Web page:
Editor’s Note: Welcome to Red Thread’s new advice columnist, Debra Darvick, a longtime Detroiter with…
Dear Debra: Frustrated Friends
Send your questions to firstname.lastname@example.org or use this form.
I have a very good friend who recently had to give up driving. I offered to pick her up and take her to our weekly maj game as well as any other events we attend together.
All was well until she began refusing to wear a seat belt. She says it feels “too constricting,” and now whenever she rides with me she will not honor my request to “buckle up.”
What if we are in an accident and she is harmed? What if my insurance goes up? I am a good driver but accidents happen. I could never forgive myself if she were hurt in an accident with me at the wheel. What can I do?
— Strapped for an Answer
Too bad your friend has turned your kindness into a conflict. You don’t need the answer to any of your “what ifs?” above. Your friend is refusing to follow a basic rule of safety and putting the onus on you. You’re going to have to do a bit of tough love here.
Before you next chauffeur her, call your friend and lay it out plain and simple — the safety rule in your car is that all passengers must be belted. If she protests, tell her that you are sorry she feels that way, but that is your rule. You can offer her the number of a car service and tell her you look forward to seeing her just the same. Should she reconsider and agree to wear a seat belt, tell her you would be happy to drive her again.
Another thought occurs to me: Has your friend ever played such a power trip game before? If not, she might be trying to assert her independence because her own wings were clipped. Doesn’t mean she gets to ride belt-free, but it might make for a conversation opener. Has anything changed physically with her? Abdominal tenderness that has led to her not wanting the safety belt? If this is the case, urge her to make an appointment with her doctor. But don’t offer to take her unless she’s willing to buckle up.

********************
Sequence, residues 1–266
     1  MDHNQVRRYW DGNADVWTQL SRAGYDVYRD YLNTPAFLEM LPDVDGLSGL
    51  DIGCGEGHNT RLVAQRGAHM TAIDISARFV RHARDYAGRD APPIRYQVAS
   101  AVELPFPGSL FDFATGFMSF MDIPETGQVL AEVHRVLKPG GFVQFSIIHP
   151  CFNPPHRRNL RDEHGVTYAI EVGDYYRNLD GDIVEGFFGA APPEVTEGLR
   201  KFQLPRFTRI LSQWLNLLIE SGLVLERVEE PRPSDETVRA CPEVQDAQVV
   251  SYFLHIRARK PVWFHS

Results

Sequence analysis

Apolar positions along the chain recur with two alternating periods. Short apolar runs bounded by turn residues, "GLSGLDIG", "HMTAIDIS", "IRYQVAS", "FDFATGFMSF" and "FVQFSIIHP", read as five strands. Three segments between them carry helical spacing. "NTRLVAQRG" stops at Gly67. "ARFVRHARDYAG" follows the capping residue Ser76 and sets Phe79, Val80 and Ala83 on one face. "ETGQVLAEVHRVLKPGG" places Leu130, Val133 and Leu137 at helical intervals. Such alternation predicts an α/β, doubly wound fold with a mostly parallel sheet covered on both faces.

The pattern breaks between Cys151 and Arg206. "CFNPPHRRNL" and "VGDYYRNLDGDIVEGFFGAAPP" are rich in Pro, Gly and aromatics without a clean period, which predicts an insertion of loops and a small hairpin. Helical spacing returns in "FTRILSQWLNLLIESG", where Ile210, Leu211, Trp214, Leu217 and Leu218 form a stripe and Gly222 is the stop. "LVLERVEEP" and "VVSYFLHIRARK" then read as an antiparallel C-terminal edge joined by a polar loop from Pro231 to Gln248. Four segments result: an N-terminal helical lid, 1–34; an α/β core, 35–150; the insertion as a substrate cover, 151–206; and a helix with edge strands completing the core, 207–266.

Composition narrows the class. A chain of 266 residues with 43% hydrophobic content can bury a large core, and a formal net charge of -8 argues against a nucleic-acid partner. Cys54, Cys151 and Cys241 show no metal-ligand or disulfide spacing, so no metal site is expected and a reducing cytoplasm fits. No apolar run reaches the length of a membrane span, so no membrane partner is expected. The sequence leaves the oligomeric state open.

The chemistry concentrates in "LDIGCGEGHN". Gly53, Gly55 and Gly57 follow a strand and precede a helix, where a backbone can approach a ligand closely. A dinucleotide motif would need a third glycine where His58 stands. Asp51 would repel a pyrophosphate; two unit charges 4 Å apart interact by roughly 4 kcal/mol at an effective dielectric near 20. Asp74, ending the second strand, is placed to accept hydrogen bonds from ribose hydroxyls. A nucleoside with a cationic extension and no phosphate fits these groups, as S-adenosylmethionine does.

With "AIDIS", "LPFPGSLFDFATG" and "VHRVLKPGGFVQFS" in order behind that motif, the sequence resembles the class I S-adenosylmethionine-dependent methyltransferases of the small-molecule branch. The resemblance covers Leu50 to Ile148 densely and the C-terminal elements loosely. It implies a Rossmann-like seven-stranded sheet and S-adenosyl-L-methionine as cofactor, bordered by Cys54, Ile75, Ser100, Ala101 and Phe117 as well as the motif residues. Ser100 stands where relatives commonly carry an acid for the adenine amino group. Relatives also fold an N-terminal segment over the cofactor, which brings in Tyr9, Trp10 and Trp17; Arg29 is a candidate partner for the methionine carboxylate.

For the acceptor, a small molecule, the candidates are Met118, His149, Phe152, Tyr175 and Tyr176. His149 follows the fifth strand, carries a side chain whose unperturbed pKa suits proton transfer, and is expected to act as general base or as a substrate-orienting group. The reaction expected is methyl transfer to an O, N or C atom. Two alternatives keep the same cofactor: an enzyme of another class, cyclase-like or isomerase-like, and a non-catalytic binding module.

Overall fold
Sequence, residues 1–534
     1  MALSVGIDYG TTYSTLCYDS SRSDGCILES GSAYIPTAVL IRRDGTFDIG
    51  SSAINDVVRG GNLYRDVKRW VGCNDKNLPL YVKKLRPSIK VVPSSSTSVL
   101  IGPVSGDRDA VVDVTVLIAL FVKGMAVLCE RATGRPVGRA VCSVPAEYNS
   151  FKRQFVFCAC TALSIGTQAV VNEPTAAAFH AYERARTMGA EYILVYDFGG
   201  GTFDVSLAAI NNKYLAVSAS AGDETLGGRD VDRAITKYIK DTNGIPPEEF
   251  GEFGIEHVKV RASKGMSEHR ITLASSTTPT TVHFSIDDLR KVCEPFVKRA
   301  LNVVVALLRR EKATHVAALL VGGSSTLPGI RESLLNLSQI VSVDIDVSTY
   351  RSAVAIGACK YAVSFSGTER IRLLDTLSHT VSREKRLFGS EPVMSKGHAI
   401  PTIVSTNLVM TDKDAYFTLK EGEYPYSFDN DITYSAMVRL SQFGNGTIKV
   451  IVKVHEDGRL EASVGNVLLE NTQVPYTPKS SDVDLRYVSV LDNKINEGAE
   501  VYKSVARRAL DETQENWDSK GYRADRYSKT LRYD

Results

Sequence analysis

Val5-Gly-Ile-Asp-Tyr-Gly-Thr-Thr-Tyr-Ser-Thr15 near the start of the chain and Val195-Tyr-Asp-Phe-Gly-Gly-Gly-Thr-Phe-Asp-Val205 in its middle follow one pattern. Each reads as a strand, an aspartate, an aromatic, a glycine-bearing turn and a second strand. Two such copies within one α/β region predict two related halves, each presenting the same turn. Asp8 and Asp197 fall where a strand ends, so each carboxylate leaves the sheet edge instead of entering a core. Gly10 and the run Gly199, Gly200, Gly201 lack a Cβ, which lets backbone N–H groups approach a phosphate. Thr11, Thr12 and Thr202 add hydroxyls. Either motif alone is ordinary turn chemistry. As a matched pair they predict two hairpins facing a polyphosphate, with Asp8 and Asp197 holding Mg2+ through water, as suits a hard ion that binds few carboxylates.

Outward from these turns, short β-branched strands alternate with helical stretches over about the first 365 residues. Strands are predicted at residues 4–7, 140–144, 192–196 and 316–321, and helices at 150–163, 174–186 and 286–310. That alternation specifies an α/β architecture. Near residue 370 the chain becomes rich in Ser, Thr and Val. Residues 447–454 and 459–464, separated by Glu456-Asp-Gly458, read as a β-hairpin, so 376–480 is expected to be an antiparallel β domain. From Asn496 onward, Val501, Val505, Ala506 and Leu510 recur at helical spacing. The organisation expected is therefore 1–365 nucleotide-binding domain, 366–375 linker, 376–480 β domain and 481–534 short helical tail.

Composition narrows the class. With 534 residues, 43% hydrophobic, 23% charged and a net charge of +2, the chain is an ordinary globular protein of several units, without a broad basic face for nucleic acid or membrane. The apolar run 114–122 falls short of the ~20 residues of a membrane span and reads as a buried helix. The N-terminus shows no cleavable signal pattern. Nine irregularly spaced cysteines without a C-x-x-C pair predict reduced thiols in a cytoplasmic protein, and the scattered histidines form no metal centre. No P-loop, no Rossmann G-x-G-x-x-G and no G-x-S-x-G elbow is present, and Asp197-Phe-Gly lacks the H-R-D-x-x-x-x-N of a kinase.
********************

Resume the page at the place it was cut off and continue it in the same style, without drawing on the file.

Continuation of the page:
My friend and I have known each other since second grade. We have had our ups and downs but, over the past couple of years, the way she conducts her life is really beginning to annoy me.
Whenever she has a problem, she comes to me, talks for a long time, asks for my advice but then never follows it! Two months later the whole thing repeats itself again. She does the same things over and over, gets just as upset each time but never changes her behavior. I am so frustrated! I don’t want to end the friendship, but it’s really draining me. How can I help her see how self-defeating these behaviors are?
— Frustrated Friend
Have you ever tried to herd cats? Or to take a lyric from The Sound of Music, catch a cloud or hold a moonbeam in your hand? You are trying to do the impossible: Live your friend’s life for her.
She has set up a very sweet situation — she gets herself into a pickle and dumps it on you. You make nice and ah ah baby, and then she feels relieved and goes right back to her old ways.
No wonder you’re feeling frustrated. And maybe a bit used?
Friendships are supposed to make both parties feel good, energized, connected, nurtured and nurturing. Of course, there are times when friends need us to carry them through. But what you describe is a one-way street going nowhere satisfying. No wonder you feel drained. Drained is for bathtubs; not friendships!
If ending the friendship feels too drastic, restructure the terms. Next time Needy Friend calls to dump, listen for a moment and reply, “I’m sorry you’re in this situation again. I’m sure you’ll find a way out.” Then change the subject. Or head the poor-me talk off at the pass by reminding her that you’ve had this convo before, and no matter what advice you offer, she doesn’t follow it. Again, change the subject.
Best thing you can do is take care of yourself. Maybe Needy Friend will see a competent young woman (that would be you) taking care of herself and start following your example. I said maybe, didn’t I?
Debra Darvick shares her unique take on life, books and more at debradarvick.com.